Spatial effects of automated driving: dispersion, concentration or both?

This paper studies possible effects of automated driving technology on the concentration and dispersion of the population and on residential land prices in the Netherlands. We perform simulations with the Dutch spatial general equilibrium model LUCA. The simulations account for two possible effects of automation: (i) self-driving cars allow drivers to use their time in the car more productively; (ii) self-driving transport offers faster and more comfortable door-to-door transfers than traditional busses, trams and metro. We find that more productive time use during car trips results in population flight from cities. Residential prices converge: they fall in cities and rise in non-urban areas. The efficiency gain in public transport has an opposite effect. It leads to further population clustering in urban areas and an increase in residential price disparity between cities and rural areas. A combination of these two components may result in concentration of the population in the largest most attractive cities and their suburbs at the cost of smaller cities and non-urban regions. These results are in particular relevant for countries where public transport has a considerable share in urban mobility. Neglecting the impact of vehicle automation on public transport may result in biased policy recommendations.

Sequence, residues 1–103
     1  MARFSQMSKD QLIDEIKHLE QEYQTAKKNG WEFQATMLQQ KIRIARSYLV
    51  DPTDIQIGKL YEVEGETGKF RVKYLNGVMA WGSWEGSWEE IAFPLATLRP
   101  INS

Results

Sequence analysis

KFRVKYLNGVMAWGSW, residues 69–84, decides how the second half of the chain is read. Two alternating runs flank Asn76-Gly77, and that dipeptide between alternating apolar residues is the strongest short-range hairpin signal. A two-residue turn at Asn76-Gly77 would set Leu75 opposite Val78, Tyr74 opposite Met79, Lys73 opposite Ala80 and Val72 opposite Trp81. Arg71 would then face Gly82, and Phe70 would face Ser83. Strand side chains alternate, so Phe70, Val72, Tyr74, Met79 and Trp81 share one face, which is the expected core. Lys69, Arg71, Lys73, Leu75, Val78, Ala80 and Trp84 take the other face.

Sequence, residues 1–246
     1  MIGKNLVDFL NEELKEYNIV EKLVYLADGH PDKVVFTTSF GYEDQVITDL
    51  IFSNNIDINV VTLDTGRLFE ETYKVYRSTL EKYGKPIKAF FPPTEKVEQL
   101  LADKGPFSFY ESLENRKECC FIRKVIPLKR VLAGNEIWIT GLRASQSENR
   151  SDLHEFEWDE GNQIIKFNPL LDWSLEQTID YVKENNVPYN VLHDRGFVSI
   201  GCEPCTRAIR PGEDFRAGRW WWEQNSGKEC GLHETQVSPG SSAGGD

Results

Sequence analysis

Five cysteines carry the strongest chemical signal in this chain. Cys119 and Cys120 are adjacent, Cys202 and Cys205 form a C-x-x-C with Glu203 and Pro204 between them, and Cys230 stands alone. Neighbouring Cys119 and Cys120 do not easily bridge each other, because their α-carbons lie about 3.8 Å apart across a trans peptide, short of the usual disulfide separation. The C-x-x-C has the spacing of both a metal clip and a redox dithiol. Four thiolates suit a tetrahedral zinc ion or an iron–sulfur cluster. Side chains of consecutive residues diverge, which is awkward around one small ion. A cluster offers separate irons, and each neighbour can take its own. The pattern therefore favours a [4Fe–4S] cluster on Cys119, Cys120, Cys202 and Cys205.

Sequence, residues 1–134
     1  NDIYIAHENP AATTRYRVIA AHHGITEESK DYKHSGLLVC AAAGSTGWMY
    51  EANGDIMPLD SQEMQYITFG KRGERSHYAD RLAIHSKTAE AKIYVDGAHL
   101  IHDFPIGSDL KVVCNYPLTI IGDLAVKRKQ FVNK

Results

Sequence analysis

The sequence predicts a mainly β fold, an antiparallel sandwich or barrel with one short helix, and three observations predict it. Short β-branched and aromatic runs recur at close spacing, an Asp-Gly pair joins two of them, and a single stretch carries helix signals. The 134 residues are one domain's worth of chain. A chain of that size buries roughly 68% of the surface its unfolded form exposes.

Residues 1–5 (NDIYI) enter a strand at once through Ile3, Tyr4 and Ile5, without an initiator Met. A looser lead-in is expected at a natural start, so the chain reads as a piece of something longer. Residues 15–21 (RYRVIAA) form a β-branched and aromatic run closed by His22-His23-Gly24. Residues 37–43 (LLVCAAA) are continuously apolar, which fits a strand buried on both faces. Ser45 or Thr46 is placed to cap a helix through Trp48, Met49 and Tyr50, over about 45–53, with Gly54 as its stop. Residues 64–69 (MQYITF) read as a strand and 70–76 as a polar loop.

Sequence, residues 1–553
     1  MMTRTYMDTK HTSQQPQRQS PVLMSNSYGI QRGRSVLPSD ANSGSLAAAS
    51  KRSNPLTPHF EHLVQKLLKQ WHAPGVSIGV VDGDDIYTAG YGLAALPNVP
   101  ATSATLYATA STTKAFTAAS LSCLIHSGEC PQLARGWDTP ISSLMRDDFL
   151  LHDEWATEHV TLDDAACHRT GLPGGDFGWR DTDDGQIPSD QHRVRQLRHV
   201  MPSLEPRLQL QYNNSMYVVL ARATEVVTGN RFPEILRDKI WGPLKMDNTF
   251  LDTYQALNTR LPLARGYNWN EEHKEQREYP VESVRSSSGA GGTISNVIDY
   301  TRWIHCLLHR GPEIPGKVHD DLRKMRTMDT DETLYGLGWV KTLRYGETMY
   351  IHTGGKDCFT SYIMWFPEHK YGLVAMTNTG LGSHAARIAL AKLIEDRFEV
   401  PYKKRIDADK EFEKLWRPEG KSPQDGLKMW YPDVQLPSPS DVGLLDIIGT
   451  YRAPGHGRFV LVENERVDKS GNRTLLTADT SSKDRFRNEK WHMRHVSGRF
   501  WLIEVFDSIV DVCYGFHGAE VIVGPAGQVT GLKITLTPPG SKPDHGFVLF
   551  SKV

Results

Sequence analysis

George Gelauff*, Ioulia Ossokina**, Coen Teulings***

*KIM Netherlands Institute for Transport Policy Analysis

**Eindhoven University of Technology

***University of Cambridge and University of Amsterdam